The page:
Special interests trying to influence federal laws and regulations are nothing new in Washington. Big banks and drug companies have been wildly successful at working the system to discourage competition and stay on top. Occasionally, however, Congress actually passes a law that protects the less powerful elements of our society, the insurgents and the disrupters. That’s what it did in 1996 when it passed a law I co-authored called Section 230 of the Communications Decency Act.
Section 230 was written to provide legal protection to online platforms so they could take down objectionable material without being dragged into court. It lets companies remove posts from white supremacists or trolls without being sued for bias or for limiting individuals’ First Amendment rights. If a website wants to cater to the right wing, it can. If it wants to ban Trump supporters, it can do that, too.
Section 230 also says the person who creates content is the one responsible for it. So if President Trump libels an innocent person on Twitter, he can be sued. Without 230, social media couldn’t exist. Sites such as Yelp would be sued to death. Start-ups such as Portland’s AllGo, which collects user reviews about how restaurants serve plus-size customers, would never get off the ground. Movements such as Black Lives Matter or #MeToo, whose advocates post controversial accusations against powerful figures on social media, would have remained whispers, not megaphones for oppressed communities.
The fight is defined by an intensive lobbying effort by big legacy corporations such as Disney and IBM that are looking for an advantage against big tech companies such as Google and Facebook. Each side wants to rewrite the rules to cement its own dominance.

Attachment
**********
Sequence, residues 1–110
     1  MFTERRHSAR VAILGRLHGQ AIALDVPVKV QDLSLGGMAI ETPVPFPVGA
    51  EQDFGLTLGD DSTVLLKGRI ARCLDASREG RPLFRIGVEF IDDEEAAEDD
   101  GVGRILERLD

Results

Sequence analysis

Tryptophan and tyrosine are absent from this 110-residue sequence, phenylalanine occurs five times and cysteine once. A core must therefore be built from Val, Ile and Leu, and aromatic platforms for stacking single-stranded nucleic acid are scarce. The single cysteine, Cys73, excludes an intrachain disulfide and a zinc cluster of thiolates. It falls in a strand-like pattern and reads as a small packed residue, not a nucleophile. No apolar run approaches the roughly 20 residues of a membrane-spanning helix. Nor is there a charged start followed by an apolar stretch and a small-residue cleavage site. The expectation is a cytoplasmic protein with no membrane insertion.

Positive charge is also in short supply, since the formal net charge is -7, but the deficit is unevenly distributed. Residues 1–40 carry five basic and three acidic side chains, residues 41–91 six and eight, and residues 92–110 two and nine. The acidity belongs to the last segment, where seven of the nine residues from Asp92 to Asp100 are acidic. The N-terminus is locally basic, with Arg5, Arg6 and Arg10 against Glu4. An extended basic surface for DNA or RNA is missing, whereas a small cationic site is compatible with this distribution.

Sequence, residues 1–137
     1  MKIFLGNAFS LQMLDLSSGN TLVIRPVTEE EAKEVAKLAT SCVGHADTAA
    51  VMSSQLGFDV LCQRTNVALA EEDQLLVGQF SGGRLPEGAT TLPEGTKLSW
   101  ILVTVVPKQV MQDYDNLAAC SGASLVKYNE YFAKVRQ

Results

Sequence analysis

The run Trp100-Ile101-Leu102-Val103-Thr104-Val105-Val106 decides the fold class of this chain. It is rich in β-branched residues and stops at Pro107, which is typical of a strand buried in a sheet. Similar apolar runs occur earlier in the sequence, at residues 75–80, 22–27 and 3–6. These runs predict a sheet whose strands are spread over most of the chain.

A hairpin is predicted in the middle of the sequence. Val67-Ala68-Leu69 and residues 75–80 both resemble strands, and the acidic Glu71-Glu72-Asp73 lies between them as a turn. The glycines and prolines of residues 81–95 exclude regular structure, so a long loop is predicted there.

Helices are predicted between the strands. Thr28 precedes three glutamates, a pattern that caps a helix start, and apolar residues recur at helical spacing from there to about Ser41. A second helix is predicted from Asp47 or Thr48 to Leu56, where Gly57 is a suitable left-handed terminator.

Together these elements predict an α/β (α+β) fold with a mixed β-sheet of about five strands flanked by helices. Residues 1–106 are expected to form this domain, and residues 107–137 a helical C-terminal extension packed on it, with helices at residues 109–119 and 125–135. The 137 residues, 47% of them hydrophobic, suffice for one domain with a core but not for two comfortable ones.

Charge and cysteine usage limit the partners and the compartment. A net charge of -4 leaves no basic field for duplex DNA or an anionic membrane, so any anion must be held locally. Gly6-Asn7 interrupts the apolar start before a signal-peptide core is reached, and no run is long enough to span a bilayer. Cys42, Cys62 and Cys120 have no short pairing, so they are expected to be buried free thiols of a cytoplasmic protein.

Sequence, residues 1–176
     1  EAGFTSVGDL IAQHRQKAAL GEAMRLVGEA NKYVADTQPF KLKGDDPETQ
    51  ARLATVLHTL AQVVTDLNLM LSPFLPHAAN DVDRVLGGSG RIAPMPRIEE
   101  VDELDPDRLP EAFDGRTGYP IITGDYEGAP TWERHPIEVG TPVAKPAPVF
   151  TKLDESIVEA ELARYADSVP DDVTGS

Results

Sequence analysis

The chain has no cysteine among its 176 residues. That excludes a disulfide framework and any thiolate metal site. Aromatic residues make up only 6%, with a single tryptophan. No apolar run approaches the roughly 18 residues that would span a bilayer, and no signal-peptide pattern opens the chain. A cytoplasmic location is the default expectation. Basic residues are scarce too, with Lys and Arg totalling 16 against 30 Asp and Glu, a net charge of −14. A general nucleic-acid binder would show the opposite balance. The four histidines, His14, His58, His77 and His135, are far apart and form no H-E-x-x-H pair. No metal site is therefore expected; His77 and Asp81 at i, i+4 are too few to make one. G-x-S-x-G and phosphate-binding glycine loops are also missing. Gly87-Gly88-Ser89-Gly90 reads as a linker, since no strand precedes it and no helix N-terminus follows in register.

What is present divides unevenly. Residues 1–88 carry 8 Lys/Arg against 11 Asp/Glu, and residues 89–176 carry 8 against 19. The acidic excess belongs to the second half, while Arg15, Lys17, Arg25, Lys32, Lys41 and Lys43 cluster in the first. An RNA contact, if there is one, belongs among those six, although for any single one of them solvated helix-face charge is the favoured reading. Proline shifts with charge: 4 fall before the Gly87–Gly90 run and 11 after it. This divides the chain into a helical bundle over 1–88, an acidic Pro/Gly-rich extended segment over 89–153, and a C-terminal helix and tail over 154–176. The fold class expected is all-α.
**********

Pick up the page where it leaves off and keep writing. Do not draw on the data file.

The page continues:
Some have argued that repealing Section 230 would punish Facebook and Google for their failures. That’s simply not true. The biggest tech companies have enough lawyers and lobbyists to survive virtually any regulation Congress can concoct. It’s the start-ups seeking to displace Big Tech that would be hammered by the constant threat of lawsuits.
Whenever laws are passed to put the government in control of speech, the people who get hurt are the least powerful in society.
That’s what happened in 2018, when, in the wake of news stories about disturbing ads on a site called Backpage, Congress scaled back 230 with a law known as SESTA-FOSTA — a combination of the Fight Online Sex Trafficking Act and the Stop Enabling Sex Traffickers Act. At the time, I proposed a different approach, including hiring more prosecutors. And I warned that this bill would do little to stop sex trafficking or help true victims but would simply push sex work underground.
By all accounts that is exactly what has happened. Backpage was shut down before SESTA even went into effect. And sex workers have been driven to the dark Web or the streets, where sex trafficking has increased dramatically. The most vulnerable group bore the brunt of this law.
This is how speech regulation inevitably works in practice. If Congress somehow were to amend the First Amendment and ban hate speech from the Internet, I see no reason to believe President Trump and Attorney General William P. Barr would use that authority to protect LGBTQ activists or female journalists or African American civil rights leaders.
Instead, I’m certain this administration would use power to regulate speech to punish its enemies and protect its allies. It would threaten Facebook or YouTube for taking down white supremacist content. It would label Black Lives Matter activists as purveyors of hate.
The Trump administration is working with Republican Senate leaders to advance legislation giving the attorney general power to set online speech guidelines along with the opportunity to access everything Americans do with their digital devices.
There are plenty of things Congress can do to hold Big Tech accountable. I’d start with passing a strong privacy law, such as my Mind Your Own Business Act, which includes tough enforcement provisions for tech executives, including the possibility of jail. And concerns about anti-competitive practices, including the Facebook-Instagram merger, deserve serious investigation from the Justice Department and Federal Trade Commission.
I stand ready to work with anyone to hold the biggest corporations accountable, whether for dodging taxes, extorting Medicare or ripping off consumers. I draw the line at putting any politician in charge of what people can say or how they can say it, whether it’s on the Internet or anywhere else.